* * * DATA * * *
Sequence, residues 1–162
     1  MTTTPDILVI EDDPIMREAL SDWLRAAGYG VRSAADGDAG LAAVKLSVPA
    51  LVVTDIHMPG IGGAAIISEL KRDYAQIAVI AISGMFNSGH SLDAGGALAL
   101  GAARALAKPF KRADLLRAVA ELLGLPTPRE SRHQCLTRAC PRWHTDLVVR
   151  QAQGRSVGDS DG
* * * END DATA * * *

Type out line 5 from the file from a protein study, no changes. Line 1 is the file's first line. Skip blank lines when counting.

   151  QAQGRSVGDS DG